Movie opens with a murder involving gangster. Gangster's girl goes to stay with mother. Mother is the housekeeper for upper class family with an attractive son. Family returns early from ... See full summary »
Nora and her uncle get railroaded into spending the night at a broken-down hotel in Canada. After Nora falls for the handsome owner, she convinces her uncle to invest in the inn and ... See full summary »
Sylvia is the French teacher at Briarcroft's School for Girls, but she wants to find romance. When she hears Bill on the radio, she decides to leave and thank him. But he is on his way to ... See full summary »
Delilah Lee is the star of husband Jeff Ames' Broadway show when she starts to suspect he has been exchanging more than contracts with the show's vampish backer. Alimony and amnesia become the order of the day.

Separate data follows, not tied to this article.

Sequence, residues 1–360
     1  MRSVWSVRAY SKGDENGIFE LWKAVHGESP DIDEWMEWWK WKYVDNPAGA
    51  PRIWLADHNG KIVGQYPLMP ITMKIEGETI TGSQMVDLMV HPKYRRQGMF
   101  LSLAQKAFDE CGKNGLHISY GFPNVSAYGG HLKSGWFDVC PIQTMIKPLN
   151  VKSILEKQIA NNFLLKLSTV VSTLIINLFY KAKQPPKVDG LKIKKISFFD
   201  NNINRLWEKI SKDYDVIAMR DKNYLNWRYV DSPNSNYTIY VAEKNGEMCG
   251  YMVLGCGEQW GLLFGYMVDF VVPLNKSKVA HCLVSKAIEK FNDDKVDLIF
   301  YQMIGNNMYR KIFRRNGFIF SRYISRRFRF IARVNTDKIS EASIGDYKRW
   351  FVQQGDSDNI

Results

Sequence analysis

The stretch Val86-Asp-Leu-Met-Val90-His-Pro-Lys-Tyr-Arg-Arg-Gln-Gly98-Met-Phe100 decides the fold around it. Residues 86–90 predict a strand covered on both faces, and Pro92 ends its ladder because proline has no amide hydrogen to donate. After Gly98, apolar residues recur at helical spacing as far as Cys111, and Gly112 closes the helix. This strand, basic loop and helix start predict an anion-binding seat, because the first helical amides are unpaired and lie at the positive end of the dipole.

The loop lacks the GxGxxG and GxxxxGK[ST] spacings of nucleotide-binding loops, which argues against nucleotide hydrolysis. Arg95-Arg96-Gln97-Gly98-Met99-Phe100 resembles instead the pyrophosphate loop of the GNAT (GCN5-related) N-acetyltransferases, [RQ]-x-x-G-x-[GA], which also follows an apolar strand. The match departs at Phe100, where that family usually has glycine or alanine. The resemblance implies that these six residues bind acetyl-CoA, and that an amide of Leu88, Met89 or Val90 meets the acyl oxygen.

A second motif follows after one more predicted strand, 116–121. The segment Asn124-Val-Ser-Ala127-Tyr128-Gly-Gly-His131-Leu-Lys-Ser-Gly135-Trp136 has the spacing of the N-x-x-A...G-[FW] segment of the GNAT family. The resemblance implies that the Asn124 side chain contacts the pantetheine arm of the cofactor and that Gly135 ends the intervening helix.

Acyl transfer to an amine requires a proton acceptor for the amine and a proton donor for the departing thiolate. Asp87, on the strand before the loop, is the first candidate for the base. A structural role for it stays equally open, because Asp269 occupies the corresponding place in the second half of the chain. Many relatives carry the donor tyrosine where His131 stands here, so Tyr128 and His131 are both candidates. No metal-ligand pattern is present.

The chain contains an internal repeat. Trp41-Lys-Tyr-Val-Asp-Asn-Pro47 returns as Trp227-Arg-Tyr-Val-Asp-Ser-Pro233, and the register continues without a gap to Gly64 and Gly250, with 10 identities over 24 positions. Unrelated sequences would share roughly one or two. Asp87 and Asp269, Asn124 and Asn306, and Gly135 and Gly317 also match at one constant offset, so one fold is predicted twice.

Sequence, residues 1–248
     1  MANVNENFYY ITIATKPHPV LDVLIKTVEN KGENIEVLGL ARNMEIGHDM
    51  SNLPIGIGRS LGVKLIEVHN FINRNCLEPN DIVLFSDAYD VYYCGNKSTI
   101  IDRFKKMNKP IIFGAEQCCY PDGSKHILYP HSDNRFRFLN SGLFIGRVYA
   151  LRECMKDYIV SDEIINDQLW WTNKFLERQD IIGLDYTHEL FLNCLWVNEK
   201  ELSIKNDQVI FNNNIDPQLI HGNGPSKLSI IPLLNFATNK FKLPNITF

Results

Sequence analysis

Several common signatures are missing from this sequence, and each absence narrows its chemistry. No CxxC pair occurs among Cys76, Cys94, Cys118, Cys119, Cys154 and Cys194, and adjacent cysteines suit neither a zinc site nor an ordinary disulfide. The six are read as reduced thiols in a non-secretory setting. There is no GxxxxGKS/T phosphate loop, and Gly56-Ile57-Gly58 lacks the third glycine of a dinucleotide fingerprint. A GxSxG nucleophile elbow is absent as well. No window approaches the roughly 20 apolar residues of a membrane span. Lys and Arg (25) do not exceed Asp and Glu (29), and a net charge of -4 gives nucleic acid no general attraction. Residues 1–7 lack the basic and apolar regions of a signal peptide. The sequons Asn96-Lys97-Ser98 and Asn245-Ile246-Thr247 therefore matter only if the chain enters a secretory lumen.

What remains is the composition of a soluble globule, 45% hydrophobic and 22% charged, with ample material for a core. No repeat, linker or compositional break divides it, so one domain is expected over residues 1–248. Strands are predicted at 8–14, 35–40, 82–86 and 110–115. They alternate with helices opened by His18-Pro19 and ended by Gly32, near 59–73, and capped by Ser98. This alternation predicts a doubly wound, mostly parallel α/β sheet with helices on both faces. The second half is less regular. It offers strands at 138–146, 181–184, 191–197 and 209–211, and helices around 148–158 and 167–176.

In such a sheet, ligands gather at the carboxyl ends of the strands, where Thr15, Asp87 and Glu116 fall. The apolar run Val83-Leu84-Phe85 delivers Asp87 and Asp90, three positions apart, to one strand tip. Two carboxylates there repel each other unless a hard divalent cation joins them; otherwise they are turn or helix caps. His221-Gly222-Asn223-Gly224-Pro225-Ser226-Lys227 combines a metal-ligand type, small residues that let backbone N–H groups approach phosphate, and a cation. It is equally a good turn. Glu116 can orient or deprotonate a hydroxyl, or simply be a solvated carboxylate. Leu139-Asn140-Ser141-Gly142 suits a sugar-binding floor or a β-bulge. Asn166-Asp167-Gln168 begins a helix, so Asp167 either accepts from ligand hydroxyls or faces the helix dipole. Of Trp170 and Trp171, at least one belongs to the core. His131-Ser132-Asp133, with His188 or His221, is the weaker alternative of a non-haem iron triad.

In the early 1900s, song plugger Larry Kelly chances to meet Alfred Breitenbach, poor opera composer...and his lovely daughter Doris, who falls for Larry. To improve their acquaintance, ... See full summary »
A potentially interesting piece of satire -- Jack Haley can predict precisely the consuming habits of the nation, so Adolphe Menjou in fast-talking mode and Jack Oakie use him as a guinea pig -- gets turned into a rather silly and pointless farce. I never did care for Mr. Haley and the Milquetoast persona he displayed in his starring roles. You may enjoy him, but I always want to smack him around.
The rest of it is surprisingly in the mode of the the bright, overlit Technicolor musicals that Fox turned out in the 1940s, except there's no Betty Grable, no Alice Faye, no John Payne and the cinematography is some handsome black and white work by Lucien Andriot. Tony Martin sings three or four forgettable songs. George Barbier is the father of the ingénue and Binnie Barnes essays a tough-talking Noo Yawk accent with varying success. Except for Menjou, you can skip this one.
0 of 3 people found this review helpful.
Was this review helpful to you?